Weekly Sportfishing Rundown - Labor Day Report
29 August 2014
Labor Day weekend is already here, but donít hang up your fishing gear just yet. This is a great time of year for Virginia fishing. Summer species are preparing to leave the area, and many cooler water residents are settling in. Most anglers are opting for cobia and flounder as they group up in the lower Bay, making easy targets. Offshore, the billfish activity is also showing promise.
Flounder action is still good, with nice flatfish coming from various locations in the lower Bay. The CBBT is still producing for those using live bait and jigs near the 4th island and High Rise areas, but very good results are also coming from lower Bay wrecks and various inshore structures such as the Tower Reef, using three-way rigs and strips of cut bait or jigs lately. Some good reports are also coming from Back River Reef, and Buoy 42. The lower Bay inlets are also giving up keeper fish, with many ranging to 23-inches in both Lynnhaven and Rudee Inlets. Nice keeper-sized seabass are also providing good action on many offshore structures.
Cobia hunters are content as the fish continue to transform into their fall patterns. Most boats are hooking up with multiple fish per trip, with some pushing into the 50 and 60-pound class range. Most Cobia are cruising in pairs, pods, or big schools in lower Bay waters as well as the Virginia Beach oceanfront. Last week, more fish began lurking around buoys and along pilings at the Chesapeake Bay Bridge Tunnel. Some of these fish are still finicky, but a well-placed buck tail can also do the trick. Chummers and bottom anglers are also catching some decent fish in the usual hot spots with cut bunker lately.
Bull reds are still roaming the lower Bay shoals, as well as near the 3rd and 4th islands of the Bridge Tunnel. Surf anglers are also pulling red drum out of the surf along Smith Island. Jack cravelle are also still surprising a few anglers at the entrance to the Bay.
Sheepshead are still going strong as anglers find big fish along the CBBT using fiddler crabs and clam, with more fish grouping on the tubes this week. Trigger fish are still biting in all of the same locations. Some tautog are also hitting, but wait until mid-September to keep them.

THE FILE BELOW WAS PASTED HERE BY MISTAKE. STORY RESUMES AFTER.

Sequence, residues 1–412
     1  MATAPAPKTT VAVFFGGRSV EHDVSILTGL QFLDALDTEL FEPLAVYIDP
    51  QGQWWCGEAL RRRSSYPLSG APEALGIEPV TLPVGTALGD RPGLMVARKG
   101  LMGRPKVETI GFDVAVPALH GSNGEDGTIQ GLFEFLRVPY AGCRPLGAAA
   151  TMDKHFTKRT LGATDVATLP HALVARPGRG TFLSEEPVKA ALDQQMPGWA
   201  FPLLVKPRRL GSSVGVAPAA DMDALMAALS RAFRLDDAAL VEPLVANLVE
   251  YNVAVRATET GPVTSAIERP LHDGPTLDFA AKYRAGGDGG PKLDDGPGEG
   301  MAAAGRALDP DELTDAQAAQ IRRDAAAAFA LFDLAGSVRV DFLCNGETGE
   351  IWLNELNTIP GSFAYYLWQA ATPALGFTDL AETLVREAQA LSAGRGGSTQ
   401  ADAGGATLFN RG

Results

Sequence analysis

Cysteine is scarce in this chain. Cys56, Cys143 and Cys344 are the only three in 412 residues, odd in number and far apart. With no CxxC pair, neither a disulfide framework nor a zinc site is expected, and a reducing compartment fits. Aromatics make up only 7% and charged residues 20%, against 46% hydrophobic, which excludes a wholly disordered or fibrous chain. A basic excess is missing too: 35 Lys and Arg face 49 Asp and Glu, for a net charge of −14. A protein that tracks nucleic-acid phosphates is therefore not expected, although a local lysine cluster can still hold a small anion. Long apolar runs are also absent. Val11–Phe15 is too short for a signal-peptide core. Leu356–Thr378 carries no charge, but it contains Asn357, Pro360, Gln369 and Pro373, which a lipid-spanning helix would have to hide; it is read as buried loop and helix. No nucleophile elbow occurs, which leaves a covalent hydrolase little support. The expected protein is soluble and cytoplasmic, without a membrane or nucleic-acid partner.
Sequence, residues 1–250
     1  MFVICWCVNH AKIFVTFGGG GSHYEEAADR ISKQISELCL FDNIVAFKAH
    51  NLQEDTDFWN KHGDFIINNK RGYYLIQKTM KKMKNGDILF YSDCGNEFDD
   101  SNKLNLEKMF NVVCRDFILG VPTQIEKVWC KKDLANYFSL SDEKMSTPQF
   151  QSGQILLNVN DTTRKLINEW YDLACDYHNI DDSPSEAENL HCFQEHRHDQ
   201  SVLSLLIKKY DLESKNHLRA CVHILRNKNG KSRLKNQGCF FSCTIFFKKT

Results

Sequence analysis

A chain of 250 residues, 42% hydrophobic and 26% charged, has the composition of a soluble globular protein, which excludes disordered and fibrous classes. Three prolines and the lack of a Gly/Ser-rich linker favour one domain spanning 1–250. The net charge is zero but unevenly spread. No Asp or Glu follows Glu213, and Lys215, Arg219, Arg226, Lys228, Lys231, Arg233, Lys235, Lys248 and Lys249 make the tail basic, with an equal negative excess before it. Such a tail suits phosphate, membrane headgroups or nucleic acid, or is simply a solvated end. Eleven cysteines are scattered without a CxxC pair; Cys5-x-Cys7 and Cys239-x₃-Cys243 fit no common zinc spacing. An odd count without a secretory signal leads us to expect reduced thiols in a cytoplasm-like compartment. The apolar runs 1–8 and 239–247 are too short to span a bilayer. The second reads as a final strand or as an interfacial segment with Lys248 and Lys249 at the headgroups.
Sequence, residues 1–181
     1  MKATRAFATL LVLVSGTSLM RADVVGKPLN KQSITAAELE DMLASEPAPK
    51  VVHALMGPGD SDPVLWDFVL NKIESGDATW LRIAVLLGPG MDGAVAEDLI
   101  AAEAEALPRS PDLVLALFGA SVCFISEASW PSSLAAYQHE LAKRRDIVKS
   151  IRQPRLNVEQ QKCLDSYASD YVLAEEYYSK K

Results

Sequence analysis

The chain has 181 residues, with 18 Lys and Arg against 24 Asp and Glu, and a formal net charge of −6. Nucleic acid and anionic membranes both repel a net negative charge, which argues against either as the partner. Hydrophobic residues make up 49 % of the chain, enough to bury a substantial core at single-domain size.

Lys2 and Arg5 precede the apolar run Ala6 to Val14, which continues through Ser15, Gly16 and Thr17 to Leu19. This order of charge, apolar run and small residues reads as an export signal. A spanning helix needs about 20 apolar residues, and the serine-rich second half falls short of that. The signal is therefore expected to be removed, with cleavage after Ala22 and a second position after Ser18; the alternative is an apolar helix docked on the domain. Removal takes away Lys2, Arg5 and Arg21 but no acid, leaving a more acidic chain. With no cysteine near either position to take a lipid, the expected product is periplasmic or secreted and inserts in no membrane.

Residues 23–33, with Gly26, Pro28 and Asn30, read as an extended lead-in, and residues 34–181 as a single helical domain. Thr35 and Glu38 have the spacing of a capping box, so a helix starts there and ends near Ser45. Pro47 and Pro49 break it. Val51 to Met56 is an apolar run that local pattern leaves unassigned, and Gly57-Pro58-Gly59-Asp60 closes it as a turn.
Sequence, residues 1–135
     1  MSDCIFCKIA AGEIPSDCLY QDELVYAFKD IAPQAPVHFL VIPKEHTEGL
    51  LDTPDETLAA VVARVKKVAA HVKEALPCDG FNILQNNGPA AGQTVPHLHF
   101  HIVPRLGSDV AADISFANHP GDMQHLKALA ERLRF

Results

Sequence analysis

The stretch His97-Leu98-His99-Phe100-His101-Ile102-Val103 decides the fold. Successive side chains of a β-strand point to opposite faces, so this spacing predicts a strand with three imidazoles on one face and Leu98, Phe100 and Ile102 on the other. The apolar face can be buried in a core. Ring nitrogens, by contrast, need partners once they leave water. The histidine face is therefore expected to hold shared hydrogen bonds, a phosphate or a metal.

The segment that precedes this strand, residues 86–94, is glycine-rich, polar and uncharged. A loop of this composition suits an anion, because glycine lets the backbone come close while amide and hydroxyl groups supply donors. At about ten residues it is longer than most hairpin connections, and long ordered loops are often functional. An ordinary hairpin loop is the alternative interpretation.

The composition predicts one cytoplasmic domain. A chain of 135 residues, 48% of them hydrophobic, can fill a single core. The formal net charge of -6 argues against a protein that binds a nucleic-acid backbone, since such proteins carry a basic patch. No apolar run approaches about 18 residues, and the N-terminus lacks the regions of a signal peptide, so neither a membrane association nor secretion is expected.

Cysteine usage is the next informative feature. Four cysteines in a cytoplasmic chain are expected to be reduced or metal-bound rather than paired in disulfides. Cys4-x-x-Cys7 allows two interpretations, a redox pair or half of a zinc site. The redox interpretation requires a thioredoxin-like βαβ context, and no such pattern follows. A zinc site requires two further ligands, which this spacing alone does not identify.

Backwater anglers are finding good numbers of speckled trout and puppy drum in lower Bay shallows, especially in Lynnhaven and Rudee Inlets, the Poquoson flats, and Hungars creek. Decent sized spot are providing good action in the lower Bay lately, especially off Little Creek, Willoughby and Buckroe, with fish also becoming more active within the inlets this week. Croaker are hitting near all four islands of the CBBT, the back waters of the Eastern Shore, and off Cape Henry. The hardhead action out of Oyster is still good this week. Sea mullet are also available off the concrete ships and Magothy Bay. Tarpon activity on the Eastern Shore is likely slowing up with recent northeasterly winds.
King mackerel action is still on the rise, and with easterly winds more common lately, and a good supply of ribbonfish, things could continue to escalate. A few fish ranging from 20 to 30-pounds are hitting live bait and lures along the oceanfront, with Sandbridge the best area. Bailer mahi have also remained inshore with the recent easterly blows. Nice sized Spanish mackerel are still providing some action within the Bay and along oceanfront tide rips, along with snapper bluefish.
The Southern Towers are still holding schools of amberjack, but the bite is hit or miss. Deep droppers continue to catch limits of nice blueline tilefish, grouper, and blackbellied rosefish, with jumbo seabass mixed in, but most boats are now focusing on the escalating marlin bite.
Offshore, billfish are still at the top of the list as the number of white marlin releases inch up recently. Blue marlin, sailfish, spearfish, and even swordfish offer bluewater trollers a little more variety. The recent Virginia Beach Billfish Tournament was a success, topped by the boat ĎUno Masí from Florida with 12 white marlin and 3 sailfish releases. Bigeye tuna are still a possibility, along with scattered yellowfin tuna. Wahoo and big gaffer bailer dolphin are also around.